After 40+ years in social services and the business world, on her 60th birthday, Lee decided to change directions.  She had always wondered if she had a creative bone in her body and this seemed like the time to begin to explore this.   She happened upon The Crucible, and enrolled in Beginning Fused Glass with Mary White and Janet Hiebert.   She has been working with glass (fusing, kiln casting, and flame working) ever since and discovered her  passions:  creating glass art, teaching glass art at the Crucible’s Youth Camps, and supporting art education for youth.

Lee loves the challenge and the infinite potential in glass.  It enables her to be creative in ways unlike any other medium (she has dabbled in painting and welding).  Lee’s  inspirations are her life experiences, family, friends, and humankind, in general.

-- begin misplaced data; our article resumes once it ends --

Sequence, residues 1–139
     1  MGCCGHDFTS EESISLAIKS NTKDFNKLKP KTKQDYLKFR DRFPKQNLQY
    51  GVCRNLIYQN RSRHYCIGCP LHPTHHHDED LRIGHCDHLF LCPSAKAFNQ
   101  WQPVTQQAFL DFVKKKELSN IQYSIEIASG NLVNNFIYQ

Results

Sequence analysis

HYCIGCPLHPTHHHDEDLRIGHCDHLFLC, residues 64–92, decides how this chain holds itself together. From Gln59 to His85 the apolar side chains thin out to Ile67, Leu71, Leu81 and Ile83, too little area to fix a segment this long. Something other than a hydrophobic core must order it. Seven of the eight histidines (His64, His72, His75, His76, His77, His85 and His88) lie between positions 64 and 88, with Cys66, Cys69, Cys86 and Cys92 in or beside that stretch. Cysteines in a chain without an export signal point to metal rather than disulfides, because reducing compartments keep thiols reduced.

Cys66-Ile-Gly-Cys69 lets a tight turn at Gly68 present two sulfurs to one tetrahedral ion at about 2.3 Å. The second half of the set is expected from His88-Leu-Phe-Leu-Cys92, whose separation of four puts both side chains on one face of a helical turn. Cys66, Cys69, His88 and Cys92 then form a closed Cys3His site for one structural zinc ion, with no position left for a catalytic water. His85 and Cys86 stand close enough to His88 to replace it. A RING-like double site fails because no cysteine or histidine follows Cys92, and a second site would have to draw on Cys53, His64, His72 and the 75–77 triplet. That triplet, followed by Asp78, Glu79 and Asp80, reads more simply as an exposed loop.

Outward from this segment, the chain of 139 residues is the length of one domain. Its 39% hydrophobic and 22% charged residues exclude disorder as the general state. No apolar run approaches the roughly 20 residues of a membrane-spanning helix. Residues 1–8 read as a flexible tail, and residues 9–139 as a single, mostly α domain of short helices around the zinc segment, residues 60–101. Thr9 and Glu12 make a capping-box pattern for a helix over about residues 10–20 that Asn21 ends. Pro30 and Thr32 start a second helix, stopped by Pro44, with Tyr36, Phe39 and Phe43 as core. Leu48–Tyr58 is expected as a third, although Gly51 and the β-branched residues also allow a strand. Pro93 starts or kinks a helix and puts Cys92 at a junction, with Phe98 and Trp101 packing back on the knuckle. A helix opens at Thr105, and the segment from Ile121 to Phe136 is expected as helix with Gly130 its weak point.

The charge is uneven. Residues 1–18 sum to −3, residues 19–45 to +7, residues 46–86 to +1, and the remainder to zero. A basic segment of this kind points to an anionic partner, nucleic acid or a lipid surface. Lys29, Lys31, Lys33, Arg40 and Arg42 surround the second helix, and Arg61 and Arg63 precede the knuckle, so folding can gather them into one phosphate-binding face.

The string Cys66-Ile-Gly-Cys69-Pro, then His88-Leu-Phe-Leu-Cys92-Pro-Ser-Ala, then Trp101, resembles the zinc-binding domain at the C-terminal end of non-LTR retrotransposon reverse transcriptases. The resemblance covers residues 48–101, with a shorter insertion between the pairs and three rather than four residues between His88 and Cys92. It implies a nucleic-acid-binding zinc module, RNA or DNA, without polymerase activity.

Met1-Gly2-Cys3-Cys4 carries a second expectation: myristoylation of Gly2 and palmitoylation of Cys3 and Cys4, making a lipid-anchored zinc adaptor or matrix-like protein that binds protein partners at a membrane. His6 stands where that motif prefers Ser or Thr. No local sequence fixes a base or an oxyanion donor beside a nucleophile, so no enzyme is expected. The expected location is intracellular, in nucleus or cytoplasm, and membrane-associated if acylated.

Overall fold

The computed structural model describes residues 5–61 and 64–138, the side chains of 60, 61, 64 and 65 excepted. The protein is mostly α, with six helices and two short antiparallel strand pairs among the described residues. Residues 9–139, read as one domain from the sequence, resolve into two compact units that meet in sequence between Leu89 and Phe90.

Lee works with 2 other glass artists in a shared studio at the Crucible.  They call themselves “Go Go Glass” (one of Lee’s  first “careers”, back in the 60’s, was as a Go Go Dancer).  Lee is so happy when she’s working in the studio, that she dances and sings, joined at times by her studio mates, Barbara Barnett and Peggy Wilson, thus the name of the group.


Jeremy Cline Artist Bio

Started working in glass in 1987. 

Jeremy Cline’s glasswork reflects his love for the medium, his fine craftsmanship and an ongoing endeavor to better his working processes. He started working with glass in 1987 at Santa Monica College, then furthered his education at the California College of Arts and Crafts and Pilchuck Glass School.

In 1991 he apprenticed with Pino Signoretto, Master Glass Artist, in Murano, Italy. This experience was a turning point in Jeremy’s career, whereby he heightened his level of proficiency in Venetian glass techniques and achieved a comprehensive understanding of the Artist-Designer relationship.